I'm planning on creating a very basic 'programming language', a compiler for it and a Virtual Machine for programs written with it to run on. All for fun and for practice.
In a different question, I described my design idea, and then asked if what I'm planning is actually considered a programming language, a virtual machine, and a bytecode.
The answer was that it would indeed be a very basic programming language. But since the compiled code will be plain text, and not of binary form - it won't be considered bytecode, but source code. And because of that, the VM won't be considered a VM, but an interpreter.
I will present my design and them ask something about it.
My design idea:
The steps for writing and running a program:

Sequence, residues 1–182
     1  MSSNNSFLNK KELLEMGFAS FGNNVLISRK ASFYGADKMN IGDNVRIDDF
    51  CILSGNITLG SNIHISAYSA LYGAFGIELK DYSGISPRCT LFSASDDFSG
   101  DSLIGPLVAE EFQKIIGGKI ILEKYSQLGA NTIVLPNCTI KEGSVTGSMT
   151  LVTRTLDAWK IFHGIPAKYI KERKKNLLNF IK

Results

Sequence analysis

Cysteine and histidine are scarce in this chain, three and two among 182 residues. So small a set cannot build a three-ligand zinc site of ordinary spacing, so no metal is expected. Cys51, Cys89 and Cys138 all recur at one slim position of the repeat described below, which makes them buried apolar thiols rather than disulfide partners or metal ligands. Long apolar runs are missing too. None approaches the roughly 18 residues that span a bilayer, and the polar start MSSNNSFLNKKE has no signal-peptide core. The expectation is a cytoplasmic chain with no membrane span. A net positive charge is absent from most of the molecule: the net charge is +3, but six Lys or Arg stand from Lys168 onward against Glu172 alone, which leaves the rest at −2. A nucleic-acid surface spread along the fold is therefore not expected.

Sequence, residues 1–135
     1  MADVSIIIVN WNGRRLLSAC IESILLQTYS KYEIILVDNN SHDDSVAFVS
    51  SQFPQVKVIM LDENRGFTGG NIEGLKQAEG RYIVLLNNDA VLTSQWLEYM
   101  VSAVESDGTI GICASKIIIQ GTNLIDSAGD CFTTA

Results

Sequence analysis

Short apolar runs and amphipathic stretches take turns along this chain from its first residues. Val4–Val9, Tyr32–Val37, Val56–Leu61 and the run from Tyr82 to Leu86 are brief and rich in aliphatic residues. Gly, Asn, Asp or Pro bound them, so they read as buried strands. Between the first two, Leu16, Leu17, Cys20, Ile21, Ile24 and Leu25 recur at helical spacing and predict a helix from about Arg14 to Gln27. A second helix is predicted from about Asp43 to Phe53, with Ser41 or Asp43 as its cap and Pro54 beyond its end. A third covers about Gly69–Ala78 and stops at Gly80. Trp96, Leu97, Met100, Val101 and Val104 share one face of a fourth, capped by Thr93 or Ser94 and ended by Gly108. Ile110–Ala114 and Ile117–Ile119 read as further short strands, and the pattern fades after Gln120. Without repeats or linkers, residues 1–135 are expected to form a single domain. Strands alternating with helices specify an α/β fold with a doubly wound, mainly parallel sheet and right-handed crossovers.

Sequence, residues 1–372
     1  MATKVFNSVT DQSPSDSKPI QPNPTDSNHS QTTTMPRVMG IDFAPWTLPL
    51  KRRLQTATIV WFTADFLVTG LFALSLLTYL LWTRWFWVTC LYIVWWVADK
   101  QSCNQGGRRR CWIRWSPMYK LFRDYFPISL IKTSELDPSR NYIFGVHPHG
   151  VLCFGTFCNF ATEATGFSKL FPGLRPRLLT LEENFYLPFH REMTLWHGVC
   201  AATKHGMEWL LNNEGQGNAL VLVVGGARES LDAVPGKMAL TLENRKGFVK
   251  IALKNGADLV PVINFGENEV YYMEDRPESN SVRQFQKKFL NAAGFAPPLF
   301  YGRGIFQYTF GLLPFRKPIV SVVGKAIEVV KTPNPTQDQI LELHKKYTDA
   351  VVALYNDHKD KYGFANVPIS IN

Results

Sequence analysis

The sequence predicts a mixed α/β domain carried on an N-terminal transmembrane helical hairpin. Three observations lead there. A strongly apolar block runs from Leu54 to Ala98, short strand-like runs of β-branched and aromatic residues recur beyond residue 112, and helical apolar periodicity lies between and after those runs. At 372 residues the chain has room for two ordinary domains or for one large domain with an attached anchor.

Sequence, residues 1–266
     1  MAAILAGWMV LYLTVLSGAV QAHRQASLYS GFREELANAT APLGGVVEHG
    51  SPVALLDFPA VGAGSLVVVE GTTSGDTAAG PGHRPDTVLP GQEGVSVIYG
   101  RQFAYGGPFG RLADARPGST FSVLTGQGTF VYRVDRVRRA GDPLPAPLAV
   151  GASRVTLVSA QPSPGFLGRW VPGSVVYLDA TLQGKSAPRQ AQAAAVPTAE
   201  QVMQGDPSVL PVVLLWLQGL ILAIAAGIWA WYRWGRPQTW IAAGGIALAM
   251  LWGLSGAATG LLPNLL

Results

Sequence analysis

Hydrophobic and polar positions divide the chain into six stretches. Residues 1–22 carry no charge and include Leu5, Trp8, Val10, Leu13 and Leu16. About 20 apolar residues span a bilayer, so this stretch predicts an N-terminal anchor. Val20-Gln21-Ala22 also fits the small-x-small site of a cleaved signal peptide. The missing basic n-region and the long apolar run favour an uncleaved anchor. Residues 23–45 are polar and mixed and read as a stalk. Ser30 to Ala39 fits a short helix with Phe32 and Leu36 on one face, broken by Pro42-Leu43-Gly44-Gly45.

1 - The programmer writes the code in the compiler (a kind of IDE). Compilation happens as follows:
The compiler scans the code, and converts each line to op-code. For example, if the line of code is:
print ("hello"), the compiler will convert it to something like
p"hello"- this would be the op-code.
After scanning the entire code, we'll have a Bytecode file, composed of all the op-codes generated.
2 - Running the program (executing the Bytecode) is done as follows:
- The program runs inside the Virtual Machine program. This program
will scan the Bytecode loaded into it, and convert each op-code to some Java
operation (since the VM program will be written in Java). For
example, the VM will read the op-code
p"hello", and in reaction execute:
Do you agree that my 'VM' is actually in interpreter, and my 'bytecode' actually source code compiled to more compact source code?
If so, question 1: Are there professional programming languages that work in this manner?
Question 2: Anyhow, what would make my 'bytecode' actual bytecode, and my 'VM' an actual VM?